Data from the ASPIRE II trial indicate that the reported restenosis rate of 17% was comparable to other reports in the literature. In addition, improvements in blood pressure/ hypertension medication response showed 45% of patients were cured or improved at both 9- and 24-month intervals, with stable serum creatinine levels seen at 24 months postprocedure.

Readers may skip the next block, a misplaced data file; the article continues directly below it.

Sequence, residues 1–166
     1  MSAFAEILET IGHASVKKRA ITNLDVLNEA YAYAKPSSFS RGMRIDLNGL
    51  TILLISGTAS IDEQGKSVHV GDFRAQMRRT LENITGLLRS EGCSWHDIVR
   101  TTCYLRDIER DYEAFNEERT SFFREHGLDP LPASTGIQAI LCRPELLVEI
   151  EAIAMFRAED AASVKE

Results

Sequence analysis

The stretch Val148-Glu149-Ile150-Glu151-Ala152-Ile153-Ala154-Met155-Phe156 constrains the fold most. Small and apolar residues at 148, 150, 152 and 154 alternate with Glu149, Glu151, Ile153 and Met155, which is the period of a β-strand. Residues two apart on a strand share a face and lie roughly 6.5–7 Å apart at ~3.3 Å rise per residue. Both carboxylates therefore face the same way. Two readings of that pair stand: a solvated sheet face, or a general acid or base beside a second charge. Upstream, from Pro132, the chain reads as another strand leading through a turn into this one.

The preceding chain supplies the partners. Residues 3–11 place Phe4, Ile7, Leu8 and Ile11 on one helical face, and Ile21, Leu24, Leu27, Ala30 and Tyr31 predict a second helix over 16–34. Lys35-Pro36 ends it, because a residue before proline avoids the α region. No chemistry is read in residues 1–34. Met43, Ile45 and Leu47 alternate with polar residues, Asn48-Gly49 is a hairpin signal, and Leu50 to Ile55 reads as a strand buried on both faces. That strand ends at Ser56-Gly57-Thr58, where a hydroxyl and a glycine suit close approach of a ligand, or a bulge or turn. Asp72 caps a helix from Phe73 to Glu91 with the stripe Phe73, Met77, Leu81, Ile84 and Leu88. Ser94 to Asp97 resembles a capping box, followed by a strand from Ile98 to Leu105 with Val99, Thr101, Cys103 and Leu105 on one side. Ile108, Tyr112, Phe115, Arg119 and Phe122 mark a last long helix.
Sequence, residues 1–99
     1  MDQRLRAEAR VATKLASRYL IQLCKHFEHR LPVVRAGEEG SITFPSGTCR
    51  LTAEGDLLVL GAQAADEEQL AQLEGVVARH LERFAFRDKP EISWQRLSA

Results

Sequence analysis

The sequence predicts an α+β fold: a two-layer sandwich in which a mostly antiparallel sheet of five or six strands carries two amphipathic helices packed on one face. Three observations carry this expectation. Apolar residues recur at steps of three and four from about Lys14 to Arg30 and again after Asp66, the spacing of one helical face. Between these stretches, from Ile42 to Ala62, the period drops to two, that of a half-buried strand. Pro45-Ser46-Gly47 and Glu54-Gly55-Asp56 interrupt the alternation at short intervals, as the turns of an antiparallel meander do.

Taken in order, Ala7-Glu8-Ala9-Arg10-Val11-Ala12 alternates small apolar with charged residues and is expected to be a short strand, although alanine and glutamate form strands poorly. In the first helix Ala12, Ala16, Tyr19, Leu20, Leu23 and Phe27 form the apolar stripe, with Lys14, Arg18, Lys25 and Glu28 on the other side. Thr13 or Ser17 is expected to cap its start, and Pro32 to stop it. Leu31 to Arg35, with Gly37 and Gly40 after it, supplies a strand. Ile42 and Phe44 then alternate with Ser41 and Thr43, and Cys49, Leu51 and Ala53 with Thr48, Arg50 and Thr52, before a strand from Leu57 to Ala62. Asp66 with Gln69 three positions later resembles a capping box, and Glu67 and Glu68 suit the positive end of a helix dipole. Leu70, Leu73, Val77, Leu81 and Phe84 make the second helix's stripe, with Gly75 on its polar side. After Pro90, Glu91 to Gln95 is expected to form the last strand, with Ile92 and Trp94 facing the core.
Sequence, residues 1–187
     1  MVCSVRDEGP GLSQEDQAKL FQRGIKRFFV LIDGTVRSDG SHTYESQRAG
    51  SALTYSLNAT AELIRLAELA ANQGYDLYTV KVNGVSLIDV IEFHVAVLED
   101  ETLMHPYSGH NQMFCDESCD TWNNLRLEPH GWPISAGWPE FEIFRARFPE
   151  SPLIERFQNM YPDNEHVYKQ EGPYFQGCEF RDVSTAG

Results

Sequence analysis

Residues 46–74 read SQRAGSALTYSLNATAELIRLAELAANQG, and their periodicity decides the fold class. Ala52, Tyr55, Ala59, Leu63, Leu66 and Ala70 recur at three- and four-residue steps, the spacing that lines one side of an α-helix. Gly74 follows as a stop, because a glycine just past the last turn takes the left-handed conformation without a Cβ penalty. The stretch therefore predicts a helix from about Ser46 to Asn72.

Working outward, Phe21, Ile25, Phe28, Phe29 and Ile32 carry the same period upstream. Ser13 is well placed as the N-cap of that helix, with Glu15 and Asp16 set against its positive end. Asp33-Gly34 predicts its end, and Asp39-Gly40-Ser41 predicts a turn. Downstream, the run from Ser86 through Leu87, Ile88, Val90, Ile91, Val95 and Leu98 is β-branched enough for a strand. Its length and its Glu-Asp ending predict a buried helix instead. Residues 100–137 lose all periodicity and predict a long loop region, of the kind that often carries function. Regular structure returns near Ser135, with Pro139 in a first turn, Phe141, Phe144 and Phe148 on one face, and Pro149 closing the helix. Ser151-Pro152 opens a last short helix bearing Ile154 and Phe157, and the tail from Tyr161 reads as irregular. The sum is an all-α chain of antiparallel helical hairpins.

Another investigation examined the impact of a drugeluting stent (DES) on revascularization.10 This study, called the GREAT trial, compared sirolimus-eluting stents (SES) to bare-metal stents (BMS) in atherosclerotic renal artery stenosis. Data from 11 centers showed that usage of SES decreased the numbers of revascularization for patients with > 50% stenosis from 7.7% to 3.8%, suggesting that DES may have some benefit outside coronary intervention. However, more recent data from these same investigators indicate that renal function worsened in all patients (4.6% of the BMS patients and 6.9% in the SES group), with overall major adverse event rates of 23.7% (BMS group) and 26.8% (SES group) at 2 years. These data suggest that all causes for renal insufficiency need to be examined when evaluating stenting outcomes and include contrast nephropathy, progression of underlying disease, reperfusion injury and atheroembolization.11